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Social Networking

Social media pro­vides meth­ods for social inter­ac­tion, turn­ing com­mu­ni­ca­tion into some­thing you can use to inter­act with oth­ers across the Internet. Unlike news­pa­pers, TV, and movies, social media can be almost imme­di­ate, and fairly cost free. That’s a sim­pli­fi­ca­tion, but there’s a deeper expla­na­tion here.

Social net­work­ing can be an impor­tant part of your busi­ness. Or not. NetLingo says it’s an online com­mu­nity of peo­ple who are social­iz­ing via a par­tic­u­lar web­site. It’s good to keep an eye on sites like Mashable, and know that social net­work­ing is out there, but it is not a “given” that social net­work­ing will bring busi­ness to your website(s) or local busi­ness. In other words, there isn’t a for­mula for whether or not small busi­nesses and non­prof­its should host blogs on their web­sites … or have just a blog.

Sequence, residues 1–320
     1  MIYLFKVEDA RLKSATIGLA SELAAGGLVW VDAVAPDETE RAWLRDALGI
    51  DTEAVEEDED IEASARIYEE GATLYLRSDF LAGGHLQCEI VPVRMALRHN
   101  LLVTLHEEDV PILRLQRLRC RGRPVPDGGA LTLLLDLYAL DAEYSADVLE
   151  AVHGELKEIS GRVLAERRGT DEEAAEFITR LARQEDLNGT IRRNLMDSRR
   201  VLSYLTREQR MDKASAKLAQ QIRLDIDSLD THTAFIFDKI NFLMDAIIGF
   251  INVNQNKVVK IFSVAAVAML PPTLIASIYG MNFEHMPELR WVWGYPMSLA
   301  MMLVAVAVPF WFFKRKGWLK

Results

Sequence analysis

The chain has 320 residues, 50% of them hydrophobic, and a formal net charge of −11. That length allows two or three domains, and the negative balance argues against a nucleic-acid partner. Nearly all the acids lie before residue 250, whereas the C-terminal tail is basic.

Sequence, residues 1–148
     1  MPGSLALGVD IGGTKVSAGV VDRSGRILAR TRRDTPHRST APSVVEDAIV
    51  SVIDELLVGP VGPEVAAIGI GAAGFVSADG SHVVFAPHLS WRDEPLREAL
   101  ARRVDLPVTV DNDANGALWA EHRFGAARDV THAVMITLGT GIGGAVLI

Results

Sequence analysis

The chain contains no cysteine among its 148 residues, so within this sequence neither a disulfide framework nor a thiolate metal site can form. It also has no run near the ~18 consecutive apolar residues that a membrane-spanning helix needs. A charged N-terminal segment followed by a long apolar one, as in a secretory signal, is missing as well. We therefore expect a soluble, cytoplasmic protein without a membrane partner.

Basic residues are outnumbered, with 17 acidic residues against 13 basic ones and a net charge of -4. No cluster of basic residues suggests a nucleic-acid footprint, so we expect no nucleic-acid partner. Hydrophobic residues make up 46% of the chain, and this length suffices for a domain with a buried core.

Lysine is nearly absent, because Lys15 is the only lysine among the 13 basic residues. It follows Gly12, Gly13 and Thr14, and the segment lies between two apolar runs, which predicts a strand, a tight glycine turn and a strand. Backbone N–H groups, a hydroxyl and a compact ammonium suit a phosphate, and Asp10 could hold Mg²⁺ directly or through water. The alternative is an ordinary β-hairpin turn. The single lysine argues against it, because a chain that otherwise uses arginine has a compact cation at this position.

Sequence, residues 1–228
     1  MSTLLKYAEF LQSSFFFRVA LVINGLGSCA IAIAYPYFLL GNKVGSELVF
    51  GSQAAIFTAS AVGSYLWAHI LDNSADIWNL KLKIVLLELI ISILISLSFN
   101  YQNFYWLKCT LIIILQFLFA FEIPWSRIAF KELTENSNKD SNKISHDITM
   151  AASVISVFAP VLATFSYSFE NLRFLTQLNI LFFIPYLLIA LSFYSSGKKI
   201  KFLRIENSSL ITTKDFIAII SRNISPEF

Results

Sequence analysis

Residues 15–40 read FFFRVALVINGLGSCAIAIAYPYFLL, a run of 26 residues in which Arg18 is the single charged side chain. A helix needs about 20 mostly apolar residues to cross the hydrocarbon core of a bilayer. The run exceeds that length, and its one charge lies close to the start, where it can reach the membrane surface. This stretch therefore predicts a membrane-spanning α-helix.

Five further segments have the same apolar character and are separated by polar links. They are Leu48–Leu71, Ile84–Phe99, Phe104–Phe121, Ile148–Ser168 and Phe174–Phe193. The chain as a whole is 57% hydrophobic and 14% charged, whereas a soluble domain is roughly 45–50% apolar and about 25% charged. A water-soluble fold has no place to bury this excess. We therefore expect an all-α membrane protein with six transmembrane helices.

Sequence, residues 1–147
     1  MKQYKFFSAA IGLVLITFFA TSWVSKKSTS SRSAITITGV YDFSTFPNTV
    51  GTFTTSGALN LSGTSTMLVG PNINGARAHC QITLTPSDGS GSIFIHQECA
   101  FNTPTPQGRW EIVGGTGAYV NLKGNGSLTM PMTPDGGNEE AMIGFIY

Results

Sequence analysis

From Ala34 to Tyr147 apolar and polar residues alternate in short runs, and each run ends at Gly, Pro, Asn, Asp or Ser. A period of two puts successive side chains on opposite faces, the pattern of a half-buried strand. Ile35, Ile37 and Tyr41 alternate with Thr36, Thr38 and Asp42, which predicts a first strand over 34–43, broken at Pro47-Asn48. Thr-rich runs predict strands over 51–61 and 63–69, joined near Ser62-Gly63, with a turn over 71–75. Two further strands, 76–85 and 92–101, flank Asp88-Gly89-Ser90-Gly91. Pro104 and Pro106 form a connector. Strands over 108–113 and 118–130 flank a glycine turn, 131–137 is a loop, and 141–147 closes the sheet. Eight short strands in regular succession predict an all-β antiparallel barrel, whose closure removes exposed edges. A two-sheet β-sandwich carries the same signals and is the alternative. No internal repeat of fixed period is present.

So social media gives us the appli­ca­tions and meth­ods to do social net­work­ing. Lots of good stuff out there, but while some­thing may work for your best friend, you need to decide if it’s what you need to present your­self and your busi­ness. You are dif­fer­ent. Unique. That’s where you start. We can talk and deter­mine whether this is a good idea for you now, or in the future.

Should you have a blog? Good ques­tion. In a sense, blogs are an open forum, and they are a pow­er­ful way to com­mu­ni­cate online. Each sit­u­a­tion is dif­fer­ent. You are dif­fer­ent. Unique. That’s where you start. The same is true of hav­ing a Facebook page and a Twitter page, and a Foursquare page, and a Google Plus page, and on and on. Can you use them to your advan­tage? That’s the key. Not name drop­ping. Anyone can cre­ate a web­site. But how about an effec­tive one? Same thing with blogs. Or writ­ing books.

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